Of 33 armed paramilitary groups that emerged from the demobilization of the largest right-wing militia group in Colombia, the AUC, only six remain, the National Police say.
According to the Police, aggressive operations against the paramilitary groups, which are now largely criminal gangs and drug trafficking rings, led to the capture of 2,182 known members, forcing many of the bands to merge in order to stay in existence, according to the Colombian news outlet El Nuevo Siglo.
Many of the gangs, such as “Los Rastrojos,” “Los Urabeños,” and “Los Paisas,” emerged during a power vacuum created when the United Self-Defense Forces of Colombia, or AUC, demobilized during peace talks in 2006.
At that time more than 31,000 paramilitaries were demobilized under the Justice and Peace process by the government of President Alvaro Uribe. The new groups that formed are equally brutal, and have been linked to drug trafficking and to the crime wave in departments such as Antioquia.
The director of the DIJIN, Gen. Luis Gilberto Ramirez Calle, said that police this year have captured important leaders of Los Rastrojos, for example, and have also seized cocaine shipments and arms in the departments of Antioquia, Cesar and Santander.
Many of the members left behind simply merged with other groups, but now only six groups remain out of the 33 that emerged since the AUC demobilization, police say.
According to police intelligence, there are about 3,750 members in the combined groups. While the majority are armed fighters, about 1,170 of them are identified as forming a “support network.”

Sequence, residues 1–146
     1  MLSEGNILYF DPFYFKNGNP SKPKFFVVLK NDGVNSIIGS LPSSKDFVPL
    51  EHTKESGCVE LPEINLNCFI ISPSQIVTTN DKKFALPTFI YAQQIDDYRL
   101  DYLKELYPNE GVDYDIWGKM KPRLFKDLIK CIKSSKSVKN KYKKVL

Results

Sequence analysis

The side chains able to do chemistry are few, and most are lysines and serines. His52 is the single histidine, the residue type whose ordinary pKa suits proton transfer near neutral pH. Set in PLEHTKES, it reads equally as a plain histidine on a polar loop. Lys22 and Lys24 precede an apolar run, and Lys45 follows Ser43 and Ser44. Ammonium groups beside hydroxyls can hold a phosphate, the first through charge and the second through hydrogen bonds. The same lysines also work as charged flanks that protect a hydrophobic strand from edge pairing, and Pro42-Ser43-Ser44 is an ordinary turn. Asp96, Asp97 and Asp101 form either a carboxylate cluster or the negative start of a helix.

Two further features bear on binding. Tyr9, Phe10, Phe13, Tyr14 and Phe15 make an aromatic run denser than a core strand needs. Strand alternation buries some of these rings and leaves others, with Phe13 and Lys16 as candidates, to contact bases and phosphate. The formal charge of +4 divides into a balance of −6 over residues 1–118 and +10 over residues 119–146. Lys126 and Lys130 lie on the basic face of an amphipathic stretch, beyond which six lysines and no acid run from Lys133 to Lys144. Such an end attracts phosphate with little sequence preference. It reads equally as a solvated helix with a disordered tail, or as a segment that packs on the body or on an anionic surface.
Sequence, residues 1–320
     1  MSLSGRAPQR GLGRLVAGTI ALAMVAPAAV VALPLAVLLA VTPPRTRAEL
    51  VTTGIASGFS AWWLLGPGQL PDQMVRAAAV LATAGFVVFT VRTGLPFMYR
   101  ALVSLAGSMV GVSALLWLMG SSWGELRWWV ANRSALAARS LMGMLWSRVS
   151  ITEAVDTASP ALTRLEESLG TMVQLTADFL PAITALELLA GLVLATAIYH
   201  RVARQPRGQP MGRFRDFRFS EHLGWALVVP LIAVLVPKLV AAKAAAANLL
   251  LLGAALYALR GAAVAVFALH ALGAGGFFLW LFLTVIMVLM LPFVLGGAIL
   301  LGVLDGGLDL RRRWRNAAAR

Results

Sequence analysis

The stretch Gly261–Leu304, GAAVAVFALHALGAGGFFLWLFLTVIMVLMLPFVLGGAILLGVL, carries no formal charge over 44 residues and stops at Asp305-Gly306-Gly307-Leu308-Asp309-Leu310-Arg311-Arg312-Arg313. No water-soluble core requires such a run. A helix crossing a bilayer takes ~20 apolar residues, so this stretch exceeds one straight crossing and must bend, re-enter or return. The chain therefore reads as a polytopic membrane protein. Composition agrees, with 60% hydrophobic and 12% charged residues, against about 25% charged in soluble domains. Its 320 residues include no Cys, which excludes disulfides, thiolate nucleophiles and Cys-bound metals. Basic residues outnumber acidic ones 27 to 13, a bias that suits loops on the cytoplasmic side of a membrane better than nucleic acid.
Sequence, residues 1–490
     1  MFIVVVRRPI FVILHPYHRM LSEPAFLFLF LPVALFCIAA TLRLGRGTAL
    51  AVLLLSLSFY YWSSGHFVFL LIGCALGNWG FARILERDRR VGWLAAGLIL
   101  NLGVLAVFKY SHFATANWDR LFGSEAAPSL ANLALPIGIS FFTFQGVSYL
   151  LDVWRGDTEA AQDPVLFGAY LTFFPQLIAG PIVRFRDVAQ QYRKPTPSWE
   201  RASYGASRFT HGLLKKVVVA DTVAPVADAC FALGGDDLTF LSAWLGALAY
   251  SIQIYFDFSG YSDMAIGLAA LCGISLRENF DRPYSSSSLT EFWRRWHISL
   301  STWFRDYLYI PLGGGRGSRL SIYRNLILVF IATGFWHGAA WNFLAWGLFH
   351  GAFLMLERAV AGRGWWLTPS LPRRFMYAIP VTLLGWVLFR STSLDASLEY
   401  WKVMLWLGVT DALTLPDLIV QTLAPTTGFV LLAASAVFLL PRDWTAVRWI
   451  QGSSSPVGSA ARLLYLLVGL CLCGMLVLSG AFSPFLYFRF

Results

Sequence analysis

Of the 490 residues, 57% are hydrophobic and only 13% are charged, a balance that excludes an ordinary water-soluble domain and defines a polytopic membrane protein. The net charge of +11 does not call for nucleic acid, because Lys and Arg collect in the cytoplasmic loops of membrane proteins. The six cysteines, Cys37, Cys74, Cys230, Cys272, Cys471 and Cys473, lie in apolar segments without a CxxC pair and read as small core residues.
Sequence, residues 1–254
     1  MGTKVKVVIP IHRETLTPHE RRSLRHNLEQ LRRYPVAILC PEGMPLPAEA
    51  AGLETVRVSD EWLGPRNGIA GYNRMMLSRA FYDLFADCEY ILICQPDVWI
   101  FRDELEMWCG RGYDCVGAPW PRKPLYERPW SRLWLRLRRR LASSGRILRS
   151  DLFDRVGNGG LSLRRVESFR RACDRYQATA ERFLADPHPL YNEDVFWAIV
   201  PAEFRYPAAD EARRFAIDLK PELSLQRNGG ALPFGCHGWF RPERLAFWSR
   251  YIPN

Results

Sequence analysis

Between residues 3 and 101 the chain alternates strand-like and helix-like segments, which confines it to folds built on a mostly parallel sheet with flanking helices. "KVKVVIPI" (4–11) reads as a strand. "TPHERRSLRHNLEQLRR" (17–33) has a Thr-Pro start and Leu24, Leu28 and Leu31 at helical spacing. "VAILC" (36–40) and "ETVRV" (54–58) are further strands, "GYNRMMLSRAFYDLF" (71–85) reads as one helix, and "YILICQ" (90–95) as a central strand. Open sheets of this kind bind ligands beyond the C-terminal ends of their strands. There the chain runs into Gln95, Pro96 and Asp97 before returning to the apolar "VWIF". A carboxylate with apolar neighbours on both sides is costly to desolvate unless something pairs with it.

While police welcome the reduction in activity, they caution that the emerging criminal networks will continue to grow as they reorganize, especially with efforts to recruit demobilized members of the AUC, unemployed youths, and those displaced by violence in rural areas.
State security agencies are working hard to undermine the support networks of these armed groups, which police say are responsible for killing many people and sending cocaine shipments to the U.S. and Europe.
Police say that in the past year 1,937 members of criminal gangs, including 286 demobilized AUC, were captured from various outlaw groups. Also, police seized 1,094 firearms, over 70,000 rounds of ammunition, 631 grenades, 97 tons of cocaine, 168 tons of marijuana and 574 kilos of heroin, as well as vehicles and property owned by the outlaw armed gangs.
The fight against these illegal groups also resulted in the destruction of more than 100 laboratories that process cocaine.
The police, the armed forces, the DAS and the prosecution are now focusing their operations against the Uraba criminal gang, the network of Los Paisas, Los Rastrojos and other groups, and offer large cash rewards to those who can provide information leading to capture of their remaining leaders.